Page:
The Educator's PLN

The personal learning network for educators

The right teaching job can make a world of difference to your career, not to mention the impact it will allow you to make on the lives of your potential students.

 

Before you can secure the job of your dreams, you may want to identify a plan of action that will help you build a strategy that will ensure your success at securing your ideal teaching position.

 

Brainstorm

Before you begin applying to every teaching position you can find, you may want to take some time to brainstorm. This can mean listing the types of teaching jobs that you would be passionate about, listing the types of teaching jobs, activities, classes that you have taught in the past and rating them according to how you liked them.

 

Finally, you will want to look closely at the variety of positions that are available and see how your interests and experience line up.

 

Decide where you want to work

Are you interested in finding a position close to home or are you willing to relocate to secure your dream position? If your interests are very specific, you may need to cast your net wider. But if you know that you will only consider taking a position within a particular geographic area, that will cause you to re-evaluate your interests to see how they line up with the teaching jobs that are available in your chosen area. It might help to get an idea of what is currently available by searching the jobs area of an online service like Gumtree.com.au.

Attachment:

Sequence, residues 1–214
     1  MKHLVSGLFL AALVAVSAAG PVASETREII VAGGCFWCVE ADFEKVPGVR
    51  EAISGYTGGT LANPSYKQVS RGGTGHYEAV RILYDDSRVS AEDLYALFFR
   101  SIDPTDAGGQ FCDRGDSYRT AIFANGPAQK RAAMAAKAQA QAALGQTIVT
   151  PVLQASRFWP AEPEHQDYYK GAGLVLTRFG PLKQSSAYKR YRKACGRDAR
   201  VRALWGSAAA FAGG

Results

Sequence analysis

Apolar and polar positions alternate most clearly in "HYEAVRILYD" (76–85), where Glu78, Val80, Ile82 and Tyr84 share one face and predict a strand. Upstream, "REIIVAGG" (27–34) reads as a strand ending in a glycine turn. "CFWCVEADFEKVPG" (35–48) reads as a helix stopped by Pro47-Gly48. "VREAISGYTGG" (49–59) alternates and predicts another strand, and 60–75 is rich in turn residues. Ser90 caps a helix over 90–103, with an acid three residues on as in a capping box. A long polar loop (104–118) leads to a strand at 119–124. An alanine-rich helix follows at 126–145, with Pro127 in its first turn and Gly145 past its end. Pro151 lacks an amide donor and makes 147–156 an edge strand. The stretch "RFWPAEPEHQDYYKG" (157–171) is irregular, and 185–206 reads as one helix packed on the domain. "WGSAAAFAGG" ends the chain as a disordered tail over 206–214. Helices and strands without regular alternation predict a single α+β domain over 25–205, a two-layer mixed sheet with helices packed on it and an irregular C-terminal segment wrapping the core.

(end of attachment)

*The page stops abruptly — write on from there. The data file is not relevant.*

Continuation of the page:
Compare schools

When coming up with a list of positions that you would be interested in, it may help to consider the school as a whole, as well as the community it is located in. When you have a clear picture of the school, you can compare each one on your list according to this more holistic criteria. This could affect the type of position you are willing to accept. If you find that you are favoring one school and community above all the others, you may decide that you would be happy with a teaching position slightly different than you first had in mind.

 

A few things to look at when evaluating schools:

  • How important is it to you that the student population be diverse? Are your talents more suited to teaching a particular segment of the population (for example, are you teaching students English as a second language? If so, you'll want to go to an area with a larger immigrant population.)
  • What kind of teacher turnover rate does the school have? A high turnover rate can be an indication of different issues, not all of them negative. But if you notice a particularly high rate of turnover, you may want to ask a few questions to find out why. Possibly talk to teachers who have taught at the school before to get a different perspective than the one administrators will provide. 
  • Is it important for you to teach at a nationally recognized or award-winning school? If you want to be a part of a winning program from day one, that will exclude a great many schools from your search. On the other hand, if you are ambitious and want to be a part of an up and coming program or if you like the challenge of taking a struggling school and helping students achieve, that will give you a different pool of schools to choose from.

 

Your resume

Before you start sending out your resume, take the time to tailor it. Make sure it targets exactly the type of school that you want to teach for. When you send out your application and accompanying resume, be sure to send it to the school as well as to the human resources department at the main district office. Then follow up with both.

 

If you really want this job, don't wait for a phone call. Go ahead and reach out yourself. This could be the difference between securing the interview and being forgotten.

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